**Step 2** − Calculation of **Thevenin’s voltage V _{Th}**.

There is only one principal node except Ground in the above circuit. So, we can use **nodal analysis** method. The node voltage V_{1} and Thevenin’s voltage V_{Th} are labelled in the above figure. Here, V_{1} is the voltage from node 1 with respect to Ground and V_{Th} is the voltage across 4 A current source.

The

**nodal equation**at node 1 is

$$\frac{V_1 - 20}{5} + \frac{V_1}{10} - 4 = 0$$

$$\Rightarrow \frac{2V_1 - 40 + V_1 - 40}{10} = 0$$

$$\Rightarrow 3V_1 - 80 = 0$$

$$\Rightarrow V_1 = \frac{80}{3}V$$

The voltage across series branch 10 Ω resistor is

$$V_{10 \Omega} = (-4)(10) = -40V$$

There are two meshes in the above circuit. The

**KVL equation**around second mesh is

$$V_1 - V_{10 \Omega} - V_{Th} = 0$$

Substitute the values of $V_1$ and $V_{10 \Omega}$ in the above equation.

$$\frac{80}{3} - (-40) - V_{Th} = 0$$

$$V_{Th} = \frac{80 + 120}{3} = \frac{200}{3}V$$

Therefore, the Thevenin’s voltage is $V_{Th} = \frac{200}{3}V$

**Step 3** − Calculation of **Thevenin’s resistance R _{Th}**.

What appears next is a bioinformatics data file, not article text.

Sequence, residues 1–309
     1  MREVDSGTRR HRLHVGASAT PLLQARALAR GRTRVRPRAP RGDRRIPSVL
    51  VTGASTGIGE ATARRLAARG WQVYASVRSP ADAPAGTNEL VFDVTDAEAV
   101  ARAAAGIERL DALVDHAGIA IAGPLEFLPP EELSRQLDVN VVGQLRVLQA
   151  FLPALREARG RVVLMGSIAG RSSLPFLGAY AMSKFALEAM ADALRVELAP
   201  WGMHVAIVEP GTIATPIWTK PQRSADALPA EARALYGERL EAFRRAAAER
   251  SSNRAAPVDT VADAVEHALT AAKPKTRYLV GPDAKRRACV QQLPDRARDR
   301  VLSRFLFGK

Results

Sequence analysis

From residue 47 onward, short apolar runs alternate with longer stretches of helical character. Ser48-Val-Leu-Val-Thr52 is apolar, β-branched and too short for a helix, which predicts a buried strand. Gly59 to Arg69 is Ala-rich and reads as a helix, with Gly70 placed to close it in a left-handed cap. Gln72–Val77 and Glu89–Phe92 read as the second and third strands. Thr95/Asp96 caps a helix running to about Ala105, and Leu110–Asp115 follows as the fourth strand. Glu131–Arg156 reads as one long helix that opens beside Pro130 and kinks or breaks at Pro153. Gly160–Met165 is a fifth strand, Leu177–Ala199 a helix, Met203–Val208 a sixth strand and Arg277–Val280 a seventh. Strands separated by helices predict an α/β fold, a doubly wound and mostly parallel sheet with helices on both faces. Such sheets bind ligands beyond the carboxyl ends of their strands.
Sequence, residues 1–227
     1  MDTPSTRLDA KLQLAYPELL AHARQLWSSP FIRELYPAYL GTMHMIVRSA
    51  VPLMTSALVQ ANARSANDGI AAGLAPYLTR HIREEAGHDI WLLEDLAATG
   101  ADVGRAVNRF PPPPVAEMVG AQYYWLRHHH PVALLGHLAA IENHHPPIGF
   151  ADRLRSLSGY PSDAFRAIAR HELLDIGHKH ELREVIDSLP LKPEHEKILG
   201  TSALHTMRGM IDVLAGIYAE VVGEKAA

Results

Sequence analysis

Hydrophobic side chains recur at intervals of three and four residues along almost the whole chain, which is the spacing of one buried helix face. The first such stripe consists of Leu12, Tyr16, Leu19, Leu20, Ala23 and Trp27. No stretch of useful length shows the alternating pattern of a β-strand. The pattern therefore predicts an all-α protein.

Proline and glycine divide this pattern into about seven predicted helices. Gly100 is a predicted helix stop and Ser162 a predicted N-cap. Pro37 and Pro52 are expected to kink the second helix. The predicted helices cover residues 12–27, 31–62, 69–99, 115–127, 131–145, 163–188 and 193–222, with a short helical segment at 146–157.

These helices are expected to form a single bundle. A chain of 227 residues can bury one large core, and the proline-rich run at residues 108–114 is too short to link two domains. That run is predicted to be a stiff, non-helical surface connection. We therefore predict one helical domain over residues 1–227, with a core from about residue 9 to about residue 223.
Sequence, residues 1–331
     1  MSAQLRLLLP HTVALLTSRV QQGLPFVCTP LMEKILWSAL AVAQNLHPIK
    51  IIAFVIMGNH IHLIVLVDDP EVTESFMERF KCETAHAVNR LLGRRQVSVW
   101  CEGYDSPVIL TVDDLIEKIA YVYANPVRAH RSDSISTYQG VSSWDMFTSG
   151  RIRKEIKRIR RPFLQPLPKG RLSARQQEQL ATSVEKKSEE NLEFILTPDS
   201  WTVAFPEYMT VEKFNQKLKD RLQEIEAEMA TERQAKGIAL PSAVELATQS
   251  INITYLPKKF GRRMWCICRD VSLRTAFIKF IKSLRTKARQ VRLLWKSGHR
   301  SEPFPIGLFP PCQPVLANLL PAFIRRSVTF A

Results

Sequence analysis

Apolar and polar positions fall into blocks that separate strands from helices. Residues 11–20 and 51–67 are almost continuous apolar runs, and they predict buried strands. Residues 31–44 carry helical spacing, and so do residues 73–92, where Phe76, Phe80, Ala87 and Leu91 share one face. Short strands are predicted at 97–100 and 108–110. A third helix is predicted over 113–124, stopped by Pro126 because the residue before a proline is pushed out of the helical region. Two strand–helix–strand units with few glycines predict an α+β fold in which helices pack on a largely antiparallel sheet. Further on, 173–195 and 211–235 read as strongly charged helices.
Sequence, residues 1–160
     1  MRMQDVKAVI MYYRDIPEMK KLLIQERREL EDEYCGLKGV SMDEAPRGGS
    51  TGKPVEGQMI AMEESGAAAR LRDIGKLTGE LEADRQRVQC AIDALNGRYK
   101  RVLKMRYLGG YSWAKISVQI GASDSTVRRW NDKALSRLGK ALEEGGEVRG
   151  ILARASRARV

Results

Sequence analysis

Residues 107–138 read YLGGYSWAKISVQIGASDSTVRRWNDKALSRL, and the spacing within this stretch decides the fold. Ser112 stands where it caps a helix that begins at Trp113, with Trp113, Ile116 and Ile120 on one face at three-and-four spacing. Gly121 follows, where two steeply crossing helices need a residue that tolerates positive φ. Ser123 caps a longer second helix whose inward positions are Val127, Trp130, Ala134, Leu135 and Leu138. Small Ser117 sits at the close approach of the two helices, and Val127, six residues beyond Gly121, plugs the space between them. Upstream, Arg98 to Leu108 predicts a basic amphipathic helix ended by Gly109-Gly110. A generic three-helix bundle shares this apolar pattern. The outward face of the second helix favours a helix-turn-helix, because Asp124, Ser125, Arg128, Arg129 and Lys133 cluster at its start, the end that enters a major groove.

Short circuit the voltage source and open circuit the current source of the above circuit in order to calculate the Thevenin’s resistance R_{Th} across the terminals A & B. The **modified circuit diagram** is shown in the following figure.

The Thevenin’s resistance across terminals A & B will be

$$R_{Th} = \lgroup \frac{5 \times 10}{5 + 10} \rgroup + 10 = \frac{10}{3} + 10 = \frac{40}{3} \Omega$$

Therefore, the Thevenin’s resistance is $\mathbf {R_{Th} = \frac{40}{3} \Omega}$.

**Step 4** − The Thevenin’s equivalent circuit is placed to the left of terminals A & B in the given circuit. This circuit diagram is shown in the following figure.

The current flowing through the 20 Ω resistor can be found by substituting the values of *V _{Th}, R_{Th}* and

*R*in the following equation.

$$l = \frac{V_{Th}}{R_{Th} + R}$$

$$l = \frac{\frac{200}{3}}{\frac{40}{3} + 20} = \frac{200}{100} = 2A$$

Therefore, the current flowing through the 20 Ω resistor is **2 A**.

### Method 2

Follow these steps in order to find the Thevenin’s equivalent circuit, when the **sources of both independent type and dependent type** are present.

**Step 1**− Consider the circuit diagram by opening the terminals with respect to which, the Thevenin’s equivalent circuit is to be found.**Step 2**− Find Thevenin’s voltage**V**across the open terminals of the above circuit._{Th}**Step 3**− Find the short circuit current**I**by shorting the two opened terminals of the above circuit._{SC}**Step 4**− Find Thevenin’s resistance**R**by using the following formula._{Th}

$$R_{Th} = \frac{V_{Th}}{I_{SC}}$$

**Step 5** − Draw the **Thevenin’s equivalent circuit** by connecting a Thevenin’s voltage V_{Th} in series with a Thevenin’s resistance R_{Th}.

Now, we can find the response in an element that lies to the right side of the Thevenin’s equivalent circuit.